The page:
UK Release Date: 1st March 2017
Runtime: 137 minutes
Director: James Mangold
Writer: James Mangold, Scott Frank, Michael Green
Starring: Hugh Jackman, Patrick Stewart, Dafne Keen, Boyd Holbrook, Richard E Grant, Stephen Merchant, Eriq La Salle
Synopsis: Broken down and bedraggled, Wolverine is forced to go on the run with an ailing Charles Xavier when a young girl ends up in their care, who has special powers that resemble Logan’s in a number of ways.
When Deadpool arrived in cinemas last year and waltzed to a global box office total not far shy of $800m, many of us predicted a flood of R-rated superhero movies cashing in on the swearing and violence that made that film a hit. First to announce a darker tale were Fox who, after the success of their first foray into R-rated filmmaking, decided that Wolverine could benefit from a little extra blood and guts in Logan. Thankfully, the result is not a silly, bloodthirsty romp but a mature, hard-edged film that feels like something genuinely different in the superhero movie canon and a fittingly bittersweet swansong for Hugh Jackman, who has been synonymous with Wolverine for almost two decades.
Logan (Jackman) is driving limousines to earn money in order to get hold of black market medication for an ailing Charles Xavier (Patrick Stewart), whom he is concealing south of the Mexican border along with fellow mutant Caliban (Stephen Merchant). Due to a bizarre set of circumstances, the unlikely group end up caring for 11-year-old Laura (Dafne Keen), who seems to have powers very similar to Logan. Scientists led by Zander Rice (Richard E Grant) and his cybernetically enhanced head of security Donald Pierce (Boyd Holbrook) soon track Logan down, intent on finding Laura, and the group are forced to take to the roads in order to escape.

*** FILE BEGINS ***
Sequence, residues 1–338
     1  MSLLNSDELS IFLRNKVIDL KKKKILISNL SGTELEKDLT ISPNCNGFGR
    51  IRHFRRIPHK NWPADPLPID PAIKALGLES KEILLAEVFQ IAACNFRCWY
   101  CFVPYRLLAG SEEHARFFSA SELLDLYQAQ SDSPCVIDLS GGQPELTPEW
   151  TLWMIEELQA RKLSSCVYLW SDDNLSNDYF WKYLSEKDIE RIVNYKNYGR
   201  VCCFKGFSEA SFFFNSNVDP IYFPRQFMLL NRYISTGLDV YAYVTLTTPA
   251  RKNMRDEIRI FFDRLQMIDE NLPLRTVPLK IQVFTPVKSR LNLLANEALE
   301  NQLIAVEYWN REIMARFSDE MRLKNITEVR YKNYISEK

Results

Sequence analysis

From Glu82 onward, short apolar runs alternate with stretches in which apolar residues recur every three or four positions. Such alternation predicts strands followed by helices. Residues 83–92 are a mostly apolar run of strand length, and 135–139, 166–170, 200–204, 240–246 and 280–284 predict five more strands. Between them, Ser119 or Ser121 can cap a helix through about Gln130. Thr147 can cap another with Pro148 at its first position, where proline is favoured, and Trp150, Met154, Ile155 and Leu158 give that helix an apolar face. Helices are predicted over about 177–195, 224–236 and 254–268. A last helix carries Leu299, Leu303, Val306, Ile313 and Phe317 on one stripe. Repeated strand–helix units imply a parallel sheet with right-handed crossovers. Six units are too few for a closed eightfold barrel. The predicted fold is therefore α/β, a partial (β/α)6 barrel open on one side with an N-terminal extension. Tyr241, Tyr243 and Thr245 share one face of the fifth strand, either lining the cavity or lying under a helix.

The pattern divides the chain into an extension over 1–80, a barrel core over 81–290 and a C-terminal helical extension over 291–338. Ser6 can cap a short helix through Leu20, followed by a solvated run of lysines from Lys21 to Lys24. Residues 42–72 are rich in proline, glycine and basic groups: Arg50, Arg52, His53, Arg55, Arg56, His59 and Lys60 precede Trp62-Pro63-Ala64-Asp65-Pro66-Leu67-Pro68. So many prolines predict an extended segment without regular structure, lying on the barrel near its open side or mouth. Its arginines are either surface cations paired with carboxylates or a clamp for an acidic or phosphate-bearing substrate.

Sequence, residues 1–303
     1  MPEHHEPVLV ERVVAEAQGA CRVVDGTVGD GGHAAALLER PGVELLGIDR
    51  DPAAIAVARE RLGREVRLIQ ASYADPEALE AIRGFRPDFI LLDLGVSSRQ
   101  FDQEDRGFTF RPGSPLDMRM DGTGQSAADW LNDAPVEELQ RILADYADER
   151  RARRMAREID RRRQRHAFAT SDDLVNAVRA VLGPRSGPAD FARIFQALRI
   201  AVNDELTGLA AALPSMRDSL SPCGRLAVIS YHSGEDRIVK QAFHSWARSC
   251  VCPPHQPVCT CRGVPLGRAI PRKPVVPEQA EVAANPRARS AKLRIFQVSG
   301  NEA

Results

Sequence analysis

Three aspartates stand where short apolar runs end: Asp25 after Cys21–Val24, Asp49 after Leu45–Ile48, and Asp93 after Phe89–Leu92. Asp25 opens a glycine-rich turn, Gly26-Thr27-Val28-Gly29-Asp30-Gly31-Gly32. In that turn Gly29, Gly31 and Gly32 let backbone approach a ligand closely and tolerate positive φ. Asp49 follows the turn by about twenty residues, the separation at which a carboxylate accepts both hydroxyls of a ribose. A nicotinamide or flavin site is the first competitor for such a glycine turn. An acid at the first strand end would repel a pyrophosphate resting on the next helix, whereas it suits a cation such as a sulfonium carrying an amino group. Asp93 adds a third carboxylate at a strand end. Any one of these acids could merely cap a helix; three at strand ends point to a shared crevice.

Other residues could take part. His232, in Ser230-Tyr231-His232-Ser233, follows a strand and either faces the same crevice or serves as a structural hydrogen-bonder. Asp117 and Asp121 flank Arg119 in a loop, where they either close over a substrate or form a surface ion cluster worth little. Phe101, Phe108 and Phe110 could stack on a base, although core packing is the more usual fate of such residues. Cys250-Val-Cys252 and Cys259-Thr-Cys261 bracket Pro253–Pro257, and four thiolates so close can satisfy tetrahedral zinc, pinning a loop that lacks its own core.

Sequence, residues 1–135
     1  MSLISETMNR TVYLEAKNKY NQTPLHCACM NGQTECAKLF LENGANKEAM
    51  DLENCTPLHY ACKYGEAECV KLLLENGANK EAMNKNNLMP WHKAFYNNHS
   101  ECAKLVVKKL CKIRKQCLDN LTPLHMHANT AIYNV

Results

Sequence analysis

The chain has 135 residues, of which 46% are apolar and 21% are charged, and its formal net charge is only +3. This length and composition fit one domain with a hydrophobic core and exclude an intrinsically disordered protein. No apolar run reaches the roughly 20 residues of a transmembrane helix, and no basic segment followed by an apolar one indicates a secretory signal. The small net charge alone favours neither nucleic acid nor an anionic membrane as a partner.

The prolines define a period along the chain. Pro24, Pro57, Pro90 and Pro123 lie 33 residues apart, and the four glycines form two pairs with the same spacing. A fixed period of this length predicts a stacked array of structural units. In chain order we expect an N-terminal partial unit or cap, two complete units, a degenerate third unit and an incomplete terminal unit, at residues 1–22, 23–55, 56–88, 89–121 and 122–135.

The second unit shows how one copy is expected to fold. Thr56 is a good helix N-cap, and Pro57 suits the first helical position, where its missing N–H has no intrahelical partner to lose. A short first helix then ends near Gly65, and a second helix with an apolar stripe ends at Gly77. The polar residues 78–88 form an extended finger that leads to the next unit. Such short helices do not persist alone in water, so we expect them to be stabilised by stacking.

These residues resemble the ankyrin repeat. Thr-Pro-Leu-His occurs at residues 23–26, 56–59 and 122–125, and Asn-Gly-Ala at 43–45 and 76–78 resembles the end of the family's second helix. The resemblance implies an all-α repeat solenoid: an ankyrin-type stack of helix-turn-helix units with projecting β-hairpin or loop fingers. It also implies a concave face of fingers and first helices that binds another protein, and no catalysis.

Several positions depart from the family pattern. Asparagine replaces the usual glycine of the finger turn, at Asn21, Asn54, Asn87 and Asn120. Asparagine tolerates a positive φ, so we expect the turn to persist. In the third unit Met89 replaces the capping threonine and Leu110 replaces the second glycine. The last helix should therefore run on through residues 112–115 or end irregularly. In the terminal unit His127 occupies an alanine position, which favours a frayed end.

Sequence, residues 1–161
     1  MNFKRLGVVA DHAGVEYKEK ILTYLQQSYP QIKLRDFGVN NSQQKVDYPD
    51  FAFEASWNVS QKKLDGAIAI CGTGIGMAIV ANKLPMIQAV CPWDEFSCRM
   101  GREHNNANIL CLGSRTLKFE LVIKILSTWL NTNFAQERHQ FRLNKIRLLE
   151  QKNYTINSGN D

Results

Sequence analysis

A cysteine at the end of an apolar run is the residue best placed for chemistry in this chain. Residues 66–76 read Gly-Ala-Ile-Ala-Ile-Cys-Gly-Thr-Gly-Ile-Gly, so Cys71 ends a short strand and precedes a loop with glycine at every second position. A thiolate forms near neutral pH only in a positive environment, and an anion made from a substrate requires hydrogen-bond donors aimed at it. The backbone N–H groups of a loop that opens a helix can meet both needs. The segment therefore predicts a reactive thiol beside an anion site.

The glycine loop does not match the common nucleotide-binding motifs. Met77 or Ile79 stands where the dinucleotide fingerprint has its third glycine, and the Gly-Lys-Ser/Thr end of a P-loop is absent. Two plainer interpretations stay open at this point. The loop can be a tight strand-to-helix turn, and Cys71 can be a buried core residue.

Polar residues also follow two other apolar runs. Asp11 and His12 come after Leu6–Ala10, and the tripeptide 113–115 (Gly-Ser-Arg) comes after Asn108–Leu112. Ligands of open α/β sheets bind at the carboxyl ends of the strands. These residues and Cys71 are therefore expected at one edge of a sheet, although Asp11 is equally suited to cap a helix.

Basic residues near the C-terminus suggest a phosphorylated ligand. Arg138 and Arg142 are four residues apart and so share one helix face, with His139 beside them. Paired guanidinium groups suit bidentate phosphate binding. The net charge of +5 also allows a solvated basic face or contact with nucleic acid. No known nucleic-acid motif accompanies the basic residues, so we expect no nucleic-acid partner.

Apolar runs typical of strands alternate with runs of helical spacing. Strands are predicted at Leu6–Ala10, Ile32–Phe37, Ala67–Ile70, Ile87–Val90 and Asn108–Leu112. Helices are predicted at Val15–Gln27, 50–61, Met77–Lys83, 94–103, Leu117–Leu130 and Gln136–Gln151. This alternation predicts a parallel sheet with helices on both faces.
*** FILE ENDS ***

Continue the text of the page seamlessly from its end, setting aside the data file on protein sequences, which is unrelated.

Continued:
More than the spoofy silliness of Deadpool or its tonal predecessor Kick-Ass, Logan feels like a genuine move forward for superhero movies. It isn’t necessarily a subversion of tropes or a response to the genre that has come to dominate the multiplex, but it’s simply a thrilling, mature movie that just happens to feature characters with superpowers. James Mangold, who felt restrained when he directed The Wolverine in 2013, returns here with what should be seen as the definitive take on the character – played by Hugh Jackman as a bundle of rage, aggression, sadness and near-suicidal self-loathing.
It’s a special turn from Jackman, who has never given a performance as complex and complete as this one. He weaves in everything we know about Logan in order to produce a man worn down by years of violence, pain and loss – as well as the fact the adamantium within him is literally poisoning him to death. This is also a Wolverine who refuses to align himself with the idol he has been painted as in the X-Men comics that feature in the movie. It’s a nod to our perception of the man as a hero, when he’s really nothing as crude and simple as that. This is a film in which the superheroes aren’t that super – and they certainly aren’t heroes.